July 19, 2010


Description: A ozone-generating device that freshens and deodorizes clothing
Main Pitch: "It's like having a dry cleaner in your closet"
Main Offer: Free for 30 days
Bonus: Wrinkle remover, accessory bag for shoes, pillow sanitizer, 12 scent neutralizers
Marketer: Ambitious Ideas
Website: www.FreshCloz.com
Prediction: Bomb

The two best arguments for this product, in the words of the campaign's Website, are:

  1. "Reduces the high cost of professional dry cleaning"
  2. "Doesn't contain Perchloroethylene (Perc.) commonly used by dry cleaners"

Argument No. 1 is the only one that has a shot of turning the average viewer into a buyer. The problem is the product itself is "high cost," especially for an impulse purchase. A "free" trial fools no one these days. People know there's a big credit card hit coming, and the first thing they do is check to see what it will be (in this case, $79.95 on top of $14.95).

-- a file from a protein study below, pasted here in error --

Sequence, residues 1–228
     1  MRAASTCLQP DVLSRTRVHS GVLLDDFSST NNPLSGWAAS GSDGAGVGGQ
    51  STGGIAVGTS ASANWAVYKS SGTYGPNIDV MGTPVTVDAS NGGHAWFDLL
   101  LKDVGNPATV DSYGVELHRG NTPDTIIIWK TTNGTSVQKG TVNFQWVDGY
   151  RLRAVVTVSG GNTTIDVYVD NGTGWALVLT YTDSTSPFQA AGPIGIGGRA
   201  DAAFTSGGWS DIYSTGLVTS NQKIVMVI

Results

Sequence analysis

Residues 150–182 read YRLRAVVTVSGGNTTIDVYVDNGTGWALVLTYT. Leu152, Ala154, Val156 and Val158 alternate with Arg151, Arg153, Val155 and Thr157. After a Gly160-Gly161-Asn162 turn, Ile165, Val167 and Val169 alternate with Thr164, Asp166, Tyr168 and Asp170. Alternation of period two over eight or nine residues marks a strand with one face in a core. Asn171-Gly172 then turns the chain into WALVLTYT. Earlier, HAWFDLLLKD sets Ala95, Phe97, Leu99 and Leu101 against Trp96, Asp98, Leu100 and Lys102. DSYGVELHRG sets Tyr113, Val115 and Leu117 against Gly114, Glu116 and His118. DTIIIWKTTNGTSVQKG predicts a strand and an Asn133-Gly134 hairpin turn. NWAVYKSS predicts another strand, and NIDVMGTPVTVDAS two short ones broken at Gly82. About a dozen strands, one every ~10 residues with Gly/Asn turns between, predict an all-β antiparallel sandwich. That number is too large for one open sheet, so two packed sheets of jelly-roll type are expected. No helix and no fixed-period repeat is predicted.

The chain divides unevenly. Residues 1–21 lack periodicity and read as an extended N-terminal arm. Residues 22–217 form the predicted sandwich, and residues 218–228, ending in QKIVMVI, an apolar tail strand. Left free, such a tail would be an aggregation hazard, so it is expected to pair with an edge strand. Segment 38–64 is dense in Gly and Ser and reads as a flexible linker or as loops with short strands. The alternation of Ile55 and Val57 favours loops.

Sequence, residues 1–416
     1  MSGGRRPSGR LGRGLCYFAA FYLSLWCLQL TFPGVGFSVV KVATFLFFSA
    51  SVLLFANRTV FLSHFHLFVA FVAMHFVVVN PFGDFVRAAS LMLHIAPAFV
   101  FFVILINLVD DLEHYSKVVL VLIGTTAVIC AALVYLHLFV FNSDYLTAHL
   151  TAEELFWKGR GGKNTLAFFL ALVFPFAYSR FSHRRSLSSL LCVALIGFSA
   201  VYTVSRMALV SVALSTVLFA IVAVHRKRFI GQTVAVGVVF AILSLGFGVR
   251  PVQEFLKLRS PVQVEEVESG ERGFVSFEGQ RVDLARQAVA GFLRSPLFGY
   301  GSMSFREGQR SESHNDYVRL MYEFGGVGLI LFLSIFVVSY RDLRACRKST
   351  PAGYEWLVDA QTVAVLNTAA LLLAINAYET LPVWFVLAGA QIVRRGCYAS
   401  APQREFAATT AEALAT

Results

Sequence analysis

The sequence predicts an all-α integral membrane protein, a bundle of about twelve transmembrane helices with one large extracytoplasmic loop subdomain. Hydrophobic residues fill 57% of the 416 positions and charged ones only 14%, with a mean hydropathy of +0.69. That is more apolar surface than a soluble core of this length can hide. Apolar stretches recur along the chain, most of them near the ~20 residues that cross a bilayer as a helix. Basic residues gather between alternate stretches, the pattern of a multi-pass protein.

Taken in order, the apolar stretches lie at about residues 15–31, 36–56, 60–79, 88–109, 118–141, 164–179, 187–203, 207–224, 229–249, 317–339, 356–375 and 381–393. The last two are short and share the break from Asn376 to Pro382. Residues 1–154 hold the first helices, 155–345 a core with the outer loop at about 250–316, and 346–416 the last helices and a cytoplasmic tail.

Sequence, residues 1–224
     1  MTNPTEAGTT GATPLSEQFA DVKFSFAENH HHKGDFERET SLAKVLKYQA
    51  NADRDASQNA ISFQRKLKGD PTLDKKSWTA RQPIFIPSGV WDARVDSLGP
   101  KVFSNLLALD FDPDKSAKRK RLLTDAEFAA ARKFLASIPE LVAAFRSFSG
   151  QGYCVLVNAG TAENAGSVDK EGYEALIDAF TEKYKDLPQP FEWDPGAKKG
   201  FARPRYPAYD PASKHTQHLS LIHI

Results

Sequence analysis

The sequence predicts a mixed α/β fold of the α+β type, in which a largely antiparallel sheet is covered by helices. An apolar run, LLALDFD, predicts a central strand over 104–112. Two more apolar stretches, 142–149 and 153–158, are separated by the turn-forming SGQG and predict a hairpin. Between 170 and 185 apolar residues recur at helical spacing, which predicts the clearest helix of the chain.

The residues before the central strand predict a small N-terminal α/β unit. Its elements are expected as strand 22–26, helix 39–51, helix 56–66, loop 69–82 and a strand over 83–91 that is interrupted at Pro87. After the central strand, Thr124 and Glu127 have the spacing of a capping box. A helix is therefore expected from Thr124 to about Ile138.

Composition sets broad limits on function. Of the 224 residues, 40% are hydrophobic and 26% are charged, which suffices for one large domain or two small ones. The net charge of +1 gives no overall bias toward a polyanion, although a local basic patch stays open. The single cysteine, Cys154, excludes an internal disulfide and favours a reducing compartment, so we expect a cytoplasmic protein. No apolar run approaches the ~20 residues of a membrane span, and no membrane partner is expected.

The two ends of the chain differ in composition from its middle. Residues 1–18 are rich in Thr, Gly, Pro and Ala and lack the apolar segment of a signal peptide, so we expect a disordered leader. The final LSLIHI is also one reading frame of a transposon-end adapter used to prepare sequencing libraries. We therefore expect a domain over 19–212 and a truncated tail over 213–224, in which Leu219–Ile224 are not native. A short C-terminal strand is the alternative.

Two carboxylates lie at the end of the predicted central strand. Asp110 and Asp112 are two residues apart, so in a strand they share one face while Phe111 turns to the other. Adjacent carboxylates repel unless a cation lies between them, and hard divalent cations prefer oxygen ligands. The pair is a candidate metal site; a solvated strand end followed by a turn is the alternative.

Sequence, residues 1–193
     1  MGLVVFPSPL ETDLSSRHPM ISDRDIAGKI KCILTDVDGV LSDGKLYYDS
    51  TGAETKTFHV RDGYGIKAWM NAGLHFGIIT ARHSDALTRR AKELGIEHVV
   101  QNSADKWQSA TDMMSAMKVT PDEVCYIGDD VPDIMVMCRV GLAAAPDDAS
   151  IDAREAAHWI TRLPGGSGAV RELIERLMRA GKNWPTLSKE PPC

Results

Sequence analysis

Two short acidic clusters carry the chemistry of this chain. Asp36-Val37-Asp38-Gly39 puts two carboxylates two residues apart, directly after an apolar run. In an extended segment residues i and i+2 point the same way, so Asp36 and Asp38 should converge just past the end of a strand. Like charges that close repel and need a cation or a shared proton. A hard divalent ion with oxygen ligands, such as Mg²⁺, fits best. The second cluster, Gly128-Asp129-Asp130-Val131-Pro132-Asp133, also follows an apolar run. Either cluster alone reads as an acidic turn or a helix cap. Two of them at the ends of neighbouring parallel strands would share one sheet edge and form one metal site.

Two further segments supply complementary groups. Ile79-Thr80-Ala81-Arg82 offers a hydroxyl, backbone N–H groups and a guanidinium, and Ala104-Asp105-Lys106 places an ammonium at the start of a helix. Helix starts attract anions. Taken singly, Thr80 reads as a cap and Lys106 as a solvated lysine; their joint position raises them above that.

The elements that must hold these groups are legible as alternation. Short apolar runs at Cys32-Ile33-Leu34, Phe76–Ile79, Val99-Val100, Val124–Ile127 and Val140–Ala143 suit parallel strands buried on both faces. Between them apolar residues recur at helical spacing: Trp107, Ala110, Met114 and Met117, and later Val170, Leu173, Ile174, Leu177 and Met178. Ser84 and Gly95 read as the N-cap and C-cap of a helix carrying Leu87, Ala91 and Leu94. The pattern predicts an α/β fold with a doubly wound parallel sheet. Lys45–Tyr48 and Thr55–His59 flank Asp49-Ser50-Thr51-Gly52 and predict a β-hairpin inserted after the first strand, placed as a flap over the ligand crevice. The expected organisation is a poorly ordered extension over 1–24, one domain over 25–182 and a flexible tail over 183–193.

Moreover, if people liked the idea of dry cleaning at home to save money, they would buy P&G's Dryel. But a quick search online shows that item is hard to find at retail.

As for argument No. 2, only a minority knows what Perchloroethylene is or cares about what it does (it may cause cancer). But as I have explained in earlier postings, such people (like the so-called "Greens") cannot be reached efficiently using mass media.

There is no other good argument for this product except perhaps the convenience of "instantly" (in 40 minutes) freshening a garment you want to wear. But then, the last-minute types who would need this the most are unlikely to think ahead enough to purchase this device and set it up in their closet "just in case."

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